“Conventional wisdom still has it that Miers is a shoo-in for confirmation. We’re not so sure. From what we saw last night, the right is furious at President Bush for appointing someone they see as manifestly underqualified and for ducking a fight with the Democratic left–a fight that, in their view (and ours), would be good for the country, the conservative cause and the Republican Party. Bush may be getting a fight anyway. And while he can laugh off the Angry Left, which would never support him no matter what he did, the Angry Right is a force he’d be a fool to misunderestimate.” — James Taranto

“It is not important that she be confirmed because there is no evidence that she is among the leading lights of American jurisprudence, or that she possesses talents commensurate with the Supreme Court’s tasks. The president’s “argument” for her amounts to: Trust me. There is no reason to, for several reasons.” — George Will

“At the very moment that conservatives have begun to conclude that their bets on Mr. Bush are no longer paying off, Mr. Bush has asked them to double down. That request has even pro-Miers conservatives feeling disillusioned, and other conservatives feeling betrayed. That’s what’s dividing conservatives – and it’s why they’re thinking more and more about life after President Bush.” — Ramesh Ponnuru

“Was it for this, Mr. President? Was it for this that so many Americans made so many sacrifices, worked so hard, gave up family time, made life-changing decisions, took pains? Was it for this that so many prepared the way for so many years? Was it for this we gave you and 55 senators a mandate? For a Supreme Court nomination as unprincipled in its nature as this?” — Manuel Miranda

“I just wait for the choice to be made, and it just seems to me that at the outset here that this is a pick that was made from weakness. There was an opportunity here to show strength and confidence, and I don’t think this is it. There are plenty of known quantities out there who would be superb for the court. This is a nominee that we don’t know anything about, a nominee purposely chosen in one context, we don’t know anything about her. It makes her less of a target but it also does not show a position of strength.” — Rush Limbaugh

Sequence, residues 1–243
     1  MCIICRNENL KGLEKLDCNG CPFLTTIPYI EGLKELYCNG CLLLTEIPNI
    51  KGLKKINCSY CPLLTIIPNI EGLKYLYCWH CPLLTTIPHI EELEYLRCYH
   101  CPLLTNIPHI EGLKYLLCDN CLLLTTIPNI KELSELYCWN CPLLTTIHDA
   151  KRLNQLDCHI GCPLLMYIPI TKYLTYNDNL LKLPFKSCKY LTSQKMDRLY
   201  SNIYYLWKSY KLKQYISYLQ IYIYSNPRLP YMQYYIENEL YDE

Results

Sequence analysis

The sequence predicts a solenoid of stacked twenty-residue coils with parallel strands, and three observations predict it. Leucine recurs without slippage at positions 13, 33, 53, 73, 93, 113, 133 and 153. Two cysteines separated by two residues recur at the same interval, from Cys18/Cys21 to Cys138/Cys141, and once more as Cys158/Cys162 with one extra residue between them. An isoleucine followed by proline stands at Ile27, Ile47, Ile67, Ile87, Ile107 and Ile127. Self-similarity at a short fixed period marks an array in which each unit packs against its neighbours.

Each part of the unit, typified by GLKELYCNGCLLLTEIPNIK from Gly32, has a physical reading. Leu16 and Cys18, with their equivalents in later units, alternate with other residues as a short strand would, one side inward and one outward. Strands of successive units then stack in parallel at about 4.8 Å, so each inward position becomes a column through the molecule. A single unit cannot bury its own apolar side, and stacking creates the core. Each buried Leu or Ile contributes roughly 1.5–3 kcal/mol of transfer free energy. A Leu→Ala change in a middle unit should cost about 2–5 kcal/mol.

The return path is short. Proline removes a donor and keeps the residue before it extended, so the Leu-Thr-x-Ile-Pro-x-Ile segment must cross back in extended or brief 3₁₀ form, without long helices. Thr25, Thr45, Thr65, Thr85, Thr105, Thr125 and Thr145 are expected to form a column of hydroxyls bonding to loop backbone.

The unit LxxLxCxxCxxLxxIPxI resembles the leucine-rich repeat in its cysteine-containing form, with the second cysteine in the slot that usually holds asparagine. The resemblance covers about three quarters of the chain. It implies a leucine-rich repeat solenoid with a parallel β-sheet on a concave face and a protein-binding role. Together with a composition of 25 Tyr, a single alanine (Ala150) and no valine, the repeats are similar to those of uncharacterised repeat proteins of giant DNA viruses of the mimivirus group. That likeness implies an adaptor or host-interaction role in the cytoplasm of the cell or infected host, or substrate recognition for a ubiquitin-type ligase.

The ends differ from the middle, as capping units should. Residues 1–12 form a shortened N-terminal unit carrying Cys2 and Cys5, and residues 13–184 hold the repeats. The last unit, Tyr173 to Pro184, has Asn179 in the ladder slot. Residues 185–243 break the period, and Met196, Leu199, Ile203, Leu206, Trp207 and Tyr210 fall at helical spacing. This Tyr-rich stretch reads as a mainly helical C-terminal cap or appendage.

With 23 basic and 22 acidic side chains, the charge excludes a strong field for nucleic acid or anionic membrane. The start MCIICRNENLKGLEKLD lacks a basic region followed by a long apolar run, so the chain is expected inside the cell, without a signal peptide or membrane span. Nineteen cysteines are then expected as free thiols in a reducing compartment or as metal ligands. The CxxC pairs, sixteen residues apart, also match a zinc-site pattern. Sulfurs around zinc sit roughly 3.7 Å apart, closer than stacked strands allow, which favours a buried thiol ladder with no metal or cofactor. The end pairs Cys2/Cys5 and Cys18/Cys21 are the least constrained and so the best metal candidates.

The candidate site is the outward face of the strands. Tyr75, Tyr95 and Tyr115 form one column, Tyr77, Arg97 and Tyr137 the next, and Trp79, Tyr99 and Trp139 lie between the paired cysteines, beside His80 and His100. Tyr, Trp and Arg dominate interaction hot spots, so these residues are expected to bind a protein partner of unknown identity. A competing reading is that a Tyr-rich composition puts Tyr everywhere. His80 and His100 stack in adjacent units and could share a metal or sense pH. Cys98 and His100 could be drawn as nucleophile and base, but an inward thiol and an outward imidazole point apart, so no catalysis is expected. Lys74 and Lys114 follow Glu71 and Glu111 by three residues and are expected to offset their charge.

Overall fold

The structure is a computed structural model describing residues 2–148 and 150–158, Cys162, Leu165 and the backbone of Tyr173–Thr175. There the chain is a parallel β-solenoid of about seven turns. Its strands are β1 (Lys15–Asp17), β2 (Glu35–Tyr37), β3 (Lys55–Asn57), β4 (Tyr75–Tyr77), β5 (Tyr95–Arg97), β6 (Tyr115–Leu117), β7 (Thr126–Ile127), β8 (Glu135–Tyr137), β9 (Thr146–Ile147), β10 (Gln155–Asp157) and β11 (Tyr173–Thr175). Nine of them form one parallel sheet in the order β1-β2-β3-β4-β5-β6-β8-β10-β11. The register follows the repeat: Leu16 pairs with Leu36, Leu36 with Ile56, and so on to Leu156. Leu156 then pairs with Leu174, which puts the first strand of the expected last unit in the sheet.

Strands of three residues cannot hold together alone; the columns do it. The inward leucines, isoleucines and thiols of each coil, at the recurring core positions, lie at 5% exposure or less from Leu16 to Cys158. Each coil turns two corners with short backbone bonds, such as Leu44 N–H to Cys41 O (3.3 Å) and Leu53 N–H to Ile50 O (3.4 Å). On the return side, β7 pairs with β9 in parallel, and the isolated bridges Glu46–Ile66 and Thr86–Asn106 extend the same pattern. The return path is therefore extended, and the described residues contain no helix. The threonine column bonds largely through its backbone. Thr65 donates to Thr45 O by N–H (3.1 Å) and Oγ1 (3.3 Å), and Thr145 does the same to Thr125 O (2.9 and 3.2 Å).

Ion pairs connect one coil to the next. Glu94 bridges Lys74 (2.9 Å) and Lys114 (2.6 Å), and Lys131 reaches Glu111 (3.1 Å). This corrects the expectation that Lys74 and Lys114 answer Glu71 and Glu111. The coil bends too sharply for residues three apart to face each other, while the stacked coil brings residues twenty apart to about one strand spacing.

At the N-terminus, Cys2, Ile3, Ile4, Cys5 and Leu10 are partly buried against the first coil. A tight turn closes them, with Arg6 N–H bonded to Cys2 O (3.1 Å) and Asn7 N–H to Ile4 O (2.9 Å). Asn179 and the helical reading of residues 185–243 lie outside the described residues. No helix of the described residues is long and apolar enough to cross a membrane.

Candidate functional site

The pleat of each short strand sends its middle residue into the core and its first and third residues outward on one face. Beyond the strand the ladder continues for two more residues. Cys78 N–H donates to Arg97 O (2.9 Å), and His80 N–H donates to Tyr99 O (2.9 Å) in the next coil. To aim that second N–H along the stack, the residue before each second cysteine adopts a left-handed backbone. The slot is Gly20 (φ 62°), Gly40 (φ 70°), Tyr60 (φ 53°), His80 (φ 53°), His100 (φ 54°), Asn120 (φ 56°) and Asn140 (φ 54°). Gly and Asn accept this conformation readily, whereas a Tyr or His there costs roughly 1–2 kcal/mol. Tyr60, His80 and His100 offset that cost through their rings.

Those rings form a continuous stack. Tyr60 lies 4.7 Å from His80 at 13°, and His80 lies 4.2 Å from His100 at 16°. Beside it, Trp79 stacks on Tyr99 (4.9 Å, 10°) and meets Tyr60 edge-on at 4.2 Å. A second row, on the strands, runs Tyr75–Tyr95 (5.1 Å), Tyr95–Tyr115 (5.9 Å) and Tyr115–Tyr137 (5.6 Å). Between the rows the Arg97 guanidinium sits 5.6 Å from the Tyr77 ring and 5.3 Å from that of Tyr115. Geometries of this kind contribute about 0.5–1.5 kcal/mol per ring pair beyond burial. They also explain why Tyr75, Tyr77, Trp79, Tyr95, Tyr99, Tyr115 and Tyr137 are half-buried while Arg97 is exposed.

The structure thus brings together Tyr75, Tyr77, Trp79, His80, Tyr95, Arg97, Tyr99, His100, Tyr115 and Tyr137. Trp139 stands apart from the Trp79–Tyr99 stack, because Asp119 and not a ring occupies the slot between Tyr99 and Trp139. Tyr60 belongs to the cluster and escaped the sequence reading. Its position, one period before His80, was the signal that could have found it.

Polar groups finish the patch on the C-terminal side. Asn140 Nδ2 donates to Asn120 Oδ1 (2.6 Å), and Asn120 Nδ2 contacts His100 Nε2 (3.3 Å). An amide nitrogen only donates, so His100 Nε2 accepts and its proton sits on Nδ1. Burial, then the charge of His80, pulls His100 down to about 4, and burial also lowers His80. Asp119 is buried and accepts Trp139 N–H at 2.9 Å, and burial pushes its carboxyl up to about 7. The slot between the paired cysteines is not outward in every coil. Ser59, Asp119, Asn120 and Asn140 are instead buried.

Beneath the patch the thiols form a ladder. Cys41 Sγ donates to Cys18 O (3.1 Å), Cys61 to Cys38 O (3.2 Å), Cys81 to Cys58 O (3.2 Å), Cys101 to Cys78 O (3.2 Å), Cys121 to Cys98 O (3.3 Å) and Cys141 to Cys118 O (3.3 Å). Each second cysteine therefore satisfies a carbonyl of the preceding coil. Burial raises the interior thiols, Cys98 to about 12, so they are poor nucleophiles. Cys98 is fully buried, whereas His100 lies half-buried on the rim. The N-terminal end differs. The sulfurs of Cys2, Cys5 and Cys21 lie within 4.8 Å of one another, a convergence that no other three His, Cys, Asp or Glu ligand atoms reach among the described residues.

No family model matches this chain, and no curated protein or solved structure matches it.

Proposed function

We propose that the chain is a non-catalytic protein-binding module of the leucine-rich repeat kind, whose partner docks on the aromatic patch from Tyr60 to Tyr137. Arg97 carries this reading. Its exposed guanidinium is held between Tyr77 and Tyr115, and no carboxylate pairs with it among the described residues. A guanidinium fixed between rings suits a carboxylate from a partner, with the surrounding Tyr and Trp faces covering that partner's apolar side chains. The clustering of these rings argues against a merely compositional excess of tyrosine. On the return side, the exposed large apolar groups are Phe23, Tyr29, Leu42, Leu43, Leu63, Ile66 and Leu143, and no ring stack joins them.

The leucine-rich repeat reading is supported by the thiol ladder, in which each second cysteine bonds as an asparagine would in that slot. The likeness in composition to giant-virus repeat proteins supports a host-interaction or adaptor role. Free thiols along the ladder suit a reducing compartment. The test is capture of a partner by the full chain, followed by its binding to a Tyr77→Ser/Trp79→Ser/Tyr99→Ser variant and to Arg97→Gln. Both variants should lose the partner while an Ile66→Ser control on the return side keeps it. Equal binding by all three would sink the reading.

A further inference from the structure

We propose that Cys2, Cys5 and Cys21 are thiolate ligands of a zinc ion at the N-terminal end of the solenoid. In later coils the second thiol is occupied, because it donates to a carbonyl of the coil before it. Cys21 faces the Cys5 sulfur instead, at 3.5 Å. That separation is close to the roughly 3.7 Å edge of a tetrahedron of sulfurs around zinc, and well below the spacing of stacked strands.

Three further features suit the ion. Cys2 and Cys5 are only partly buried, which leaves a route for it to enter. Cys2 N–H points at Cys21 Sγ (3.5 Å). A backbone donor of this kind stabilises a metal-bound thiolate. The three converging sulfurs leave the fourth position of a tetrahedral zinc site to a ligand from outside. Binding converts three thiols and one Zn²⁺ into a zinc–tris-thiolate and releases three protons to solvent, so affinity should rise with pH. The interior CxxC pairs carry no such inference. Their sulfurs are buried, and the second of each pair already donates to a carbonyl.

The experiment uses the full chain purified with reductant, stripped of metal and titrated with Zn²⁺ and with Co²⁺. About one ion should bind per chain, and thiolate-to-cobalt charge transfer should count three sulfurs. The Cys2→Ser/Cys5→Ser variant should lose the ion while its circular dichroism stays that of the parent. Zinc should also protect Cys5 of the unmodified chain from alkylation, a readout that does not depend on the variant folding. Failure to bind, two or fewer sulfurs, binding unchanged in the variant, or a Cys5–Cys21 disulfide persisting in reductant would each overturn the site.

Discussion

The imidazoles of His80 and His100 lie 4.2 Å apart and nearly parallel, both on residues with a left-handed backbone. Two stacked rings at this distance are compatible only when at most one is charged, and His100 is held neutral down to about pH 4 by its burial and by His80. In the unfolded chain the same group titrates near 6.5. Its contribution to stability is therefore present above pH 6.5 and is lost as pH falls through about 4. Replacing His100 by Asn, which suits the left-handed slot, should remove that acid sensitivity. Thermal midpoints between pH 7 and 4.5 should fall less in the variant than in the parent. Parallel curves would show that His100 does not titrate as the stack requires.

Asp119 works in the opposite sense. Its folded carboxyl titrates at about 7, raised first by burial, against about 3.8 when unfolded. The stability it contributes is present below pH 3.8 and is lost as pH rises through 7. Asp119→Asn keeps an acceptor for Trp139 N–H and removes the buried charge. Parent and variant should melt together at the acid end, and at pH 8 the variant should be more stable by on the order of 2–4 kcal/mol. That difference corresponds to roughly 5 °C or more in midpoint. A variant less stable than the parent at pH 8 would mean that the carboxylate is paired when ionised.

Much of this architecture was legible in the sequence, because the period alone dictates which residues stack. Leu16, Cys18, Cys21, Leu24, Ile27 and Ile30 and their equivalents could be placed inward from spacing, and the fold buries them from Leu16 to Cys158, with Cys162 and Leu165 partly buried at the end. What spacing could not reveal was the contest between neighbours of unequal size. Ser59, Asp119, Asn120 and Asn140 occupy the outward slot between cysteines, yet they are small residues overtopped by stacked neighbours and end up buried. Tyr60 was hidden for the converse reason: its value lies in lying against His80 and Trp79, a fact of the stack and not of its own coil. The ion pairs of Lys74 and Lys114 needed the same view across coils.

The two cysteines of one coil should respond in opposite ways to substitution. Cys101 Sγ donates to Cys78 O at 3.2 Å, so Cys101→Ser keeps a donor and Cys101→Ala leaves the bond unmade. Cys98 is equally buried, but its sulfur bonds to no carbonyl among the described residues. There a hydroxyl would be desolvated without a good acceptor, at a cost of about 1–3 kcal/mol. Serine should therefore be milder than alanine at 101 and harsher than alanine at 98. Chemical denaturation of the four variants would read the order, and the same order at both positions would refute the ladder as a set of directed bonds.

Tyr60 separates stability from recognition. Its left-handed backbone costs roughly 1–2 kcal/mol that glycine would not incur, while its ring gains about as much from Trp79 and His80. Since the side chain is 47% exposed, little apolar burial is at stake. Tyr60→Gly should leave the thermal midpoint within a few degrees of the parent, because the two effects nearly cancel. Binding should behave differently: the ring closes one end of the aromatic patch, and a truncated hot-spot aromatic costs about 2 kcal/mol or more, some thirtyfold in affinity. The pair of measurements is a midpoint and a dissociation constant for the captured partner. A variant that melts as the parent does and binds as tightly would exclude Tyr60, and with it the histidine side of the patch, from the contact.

“What, exactly, would be the downside of her defeat? It would be a plus for the country, for conservatism, for the Republican Party, and even the administration could emerge stronger by issuing a mea culpa and nominating somebody we might actually want to support (along the lines of a customer becoming more loyal because of a problem that was successfully solved.)” — Mark Krikorian

So, what is the answer to the question, Is Mitt Romney the Harriet Miers of potential Republican Presidential Nominees?

The answer is-

Yes. Yes, he is.

The difference between stopping the Miers nomination and stopping the Mitt nomination is that in Miers’ case Conservative opposition was intelligently and narrowly directed. Thus, far opposition to Romney has been diffuse and scatter-shot, a reflection of the nature of primaries with several potential candidates.

That means that Conservative Republicans must coalesce around one or at the most two alternative candidates to Romney. And, of course, must work for and contribute money to that candidate.

The choice is simple enough we can nominate a Conservative with a Conservative record of accomplishment or we can nominate Harriet Miers.

Which would you prefer?

AFTERWARD:

As in these sorts of posts, the inevitable question comes up: Well, naturalfake, who do you support?

I’ve made no secret of the fact that I like Perry first and Newt second because they both have tangible records of conservative action. Third, would be Santorum or Romney who I consider roughly equivalent.

However, both Perry and Newt have really shot themselves in the foot over this Bain thang. As argued in this post, the only reason to support Romney is his time at Bain. There are ways to go after Romney from the right over Bain but these attacks from the left are stupid.

I understand, you attack your opponent’s greatest strength, still…

Well, look, Governor Perry and Speaker Gingrich there is a clear, very simple way forward for both of you. It’s different in each case but it’s still there if you hurry.

Your so-called experts are failing you.

Think about your actual tangible Conservative records and think about Reagan.

Now go forward and save us from Harriet Miers 2: Electric Mittens.

And if you can’t figure it out, call me.

UPDATE: Slight edit for clarity.